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High Wheat Prices a Blessing to Farmers In Afghanistan

Bruce Monkhouse

Pinball Dude
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Sky-high wheat prices have Afghan farmers crowing

By Alexander Panetta, THE CANADIAN PRESS
It's being heralded as a first by old Afghan farmers who swear they've never seen such a windfall.
They are reporting record profits from a crop that does not kill anyone, does not fund insurgents and does not place them at risk of having their farm destroyed by the state.
In short, this crop is everything that the opium poppy is not.

Raz Mohammad strokes his gargantuan grey beard and sings the praises of his miracle crop: wheat.
He says he cannot recall a time when the staple grain competed with the opiate flower as a money-maker - until this year.
"I am 70 years old," says the lifelong farmer. "I have never seen this, wheat at this price."

While the country's poorest consumers are suffering from the global spike in grain prices, the inflationary trend is being heralded as a possible solution to Afghanistan's poppy-growing addiction.
Several farmers interviewed near Kandahar city all described record profits from this year's wheat harvest.
Mohammad says he's even received jealous phone calls from relatives who grow poppies in neighbouring Helmand province, calls that would have been unimaginable a year ago.
"They say, 'We missed our chance this year'," Mohammad says.
"They say, 'Next year, we will also grow wheat. We will not grow opium'."

Statistics provided by the United Nations World Food Program indicate that farmers received up to 40 times more income for poppy over wheat in 2003.
Such towering profits in such a destitute country help explain why Afghanistan produces 90 per cent of the world's heroin, and why poppies account for a staggering half of the national economy.
But at a tribal meeting in a town lined with ancient mud-walled compounds, turban-clad elders crouch around a battered old calculator and determine that they've now made more from cereals.

Another farmer, Sher Muhammad, says he's selling wheat at five times last year's price.
Statistics from Kandahar's Department of Agriculture indicate that wheat in Kandahar province sells for almost triple last year's rate and now goes for about 60 Canadian cents a kilogram.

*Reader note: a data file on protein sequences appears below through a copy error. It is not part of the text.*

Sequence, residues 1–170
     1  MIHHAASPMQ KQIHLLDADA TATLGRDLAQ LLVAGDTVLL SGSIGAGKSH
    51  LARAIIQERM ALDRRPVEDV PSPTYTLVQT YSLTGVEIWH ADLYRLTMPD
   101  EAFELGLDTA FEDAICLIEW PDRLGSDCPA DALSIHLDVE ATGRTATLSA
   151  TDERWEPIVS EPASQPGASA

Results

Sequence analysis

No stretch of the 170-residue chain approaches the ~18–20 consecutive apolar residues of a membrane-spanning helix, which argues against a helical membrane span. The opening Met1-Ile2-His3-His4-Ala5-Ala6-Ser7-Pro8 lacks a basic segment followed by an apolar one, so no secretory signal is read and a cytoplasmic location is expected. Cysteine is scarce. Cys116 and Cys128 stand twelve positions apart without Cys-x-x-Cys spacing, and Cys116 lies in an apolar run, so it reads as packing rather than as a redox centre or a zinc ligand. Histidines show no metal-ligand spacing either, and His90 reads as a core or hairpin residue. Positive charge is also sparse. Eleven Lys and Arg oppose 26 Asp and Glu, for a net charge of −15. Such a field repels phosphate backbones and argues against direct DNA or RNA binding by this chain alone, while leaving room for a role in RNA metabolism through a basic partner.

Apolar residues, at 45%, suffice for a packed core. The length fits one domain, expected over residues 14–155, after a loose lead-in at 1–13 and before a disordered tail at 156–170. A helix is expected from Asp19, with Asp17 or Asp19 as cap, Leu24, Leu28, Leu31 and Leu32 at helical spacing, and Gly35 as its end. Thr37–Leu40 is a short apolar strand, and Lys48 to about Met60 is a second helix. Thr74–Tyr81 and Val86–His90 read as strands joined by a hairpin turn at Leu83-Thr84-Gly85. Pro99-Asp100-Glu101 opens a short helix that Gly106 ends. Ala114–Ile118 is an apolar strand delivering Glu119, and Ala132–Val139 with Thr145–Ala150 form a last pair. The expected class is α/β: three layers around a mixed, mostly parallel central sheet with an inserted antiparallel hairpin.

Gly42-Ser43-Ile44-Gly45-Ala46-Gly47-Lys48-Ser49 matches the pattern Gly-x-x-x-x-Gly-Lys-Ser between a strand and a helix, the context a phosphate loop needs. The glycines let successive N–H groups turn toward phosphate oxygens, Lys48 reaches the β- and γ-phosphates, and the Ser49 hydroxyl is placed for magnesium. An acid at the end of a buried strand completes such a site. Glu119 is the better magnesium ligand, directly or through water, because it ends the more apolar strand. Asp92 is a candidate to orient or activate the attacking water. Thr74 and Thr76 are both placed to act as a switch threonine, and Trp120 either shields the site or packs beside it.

Kandahar's director of agriculture concedes it would be a stretch to call wheat more lucrative than the crop that produces two of the world's most devastating drugs: opium and heroin.

Abdul Hai Nemati estimates that a small half-acre plot of land would yield 500 kilos of wheat worth $285 this year. The same-sized farm would produce 12 kilos of poppy resin worth $571.
But he notes that the poppy holds drawbacks that can wipe out its cash advantage.
It is far more complicated to cultivate, and hiring outside help cuts into a farmer's profits. And although the percentage of farms destroyed by authorities is miniscule, the risk of eradication is always there.

"Poppies are expensive - which is why people grow them," Nemati said. "But there are also a lot of risks."
A United Nations official warned against any triumphalism in the fight against the dreaded poppy.
She notes a somber reason for the high cost of wheat: it's been a disastrous year for production and there are shortages.
Drought and locust plagues have driven down output by 36 per cent this year, says Susana Rico, Afghan director for the UN World Food Program. For farmers with poor irrigation, the drop has been twice as bad.

Last year, the country produced 90 per cent of its food needs, Rico said. The total this year is only 66 per cent. Malnutrition is a chronic problem in this country and now it's even worse than usual, she said.
"It's a horrible year for Afghanistan," Rico said.
"A few people are making a lot more money, particularly those who have irrigated land. For those who rely on rain-fed production, the output has been devastatingly low."

But the work of one Canadian agency might explain why so many farmers in Zaker Sharif are smiling.
The government-funded Development Works group has made irrigation one of its key projects in the Dand district, on the footsteps of Kandahar city.
It has built a bakery, a pharmacy and a local market as part of an intense economic-development effort focused on a small area that has seen relative peace.
Earlier this year, the group hired 500 local workers to clear out 65 kilometres worth of canals that had been clogged and ruined by decades of war and neglect.

The results were almost instantaneous.
Within weeks, patches of land that had been dusty and parched were sprouting patches of green.
Development Works director Drew Gilmour says it cost only $65,000 to double the amount of arable land in the area to 3,000 hectares. Thousands of farmers and their families are now benefitting.

With improved farming practices, he says, the poppy trade can be defeated elsewhere in Afghanistan.
"Opium is a vulnerable industry," Gilmour said.
"Take away the illegality, take away the immorality, the fact is that farmers are not making money from it.
"There are many other industries - grapes, pomegranates, saffron, even wheat, lowly wheat - that can make them more money."

Any farmer willing to grow food crops over poppies should get subsidies. this money should come from NATO/UN countries unwilling to provide military support to the mission. Set a time limit with a slow drawdown of the subsidy to wean them off of it, but will provide the cushion to adapt their infrastructure and methods to the food crops, plus make it fiscally worthwhile.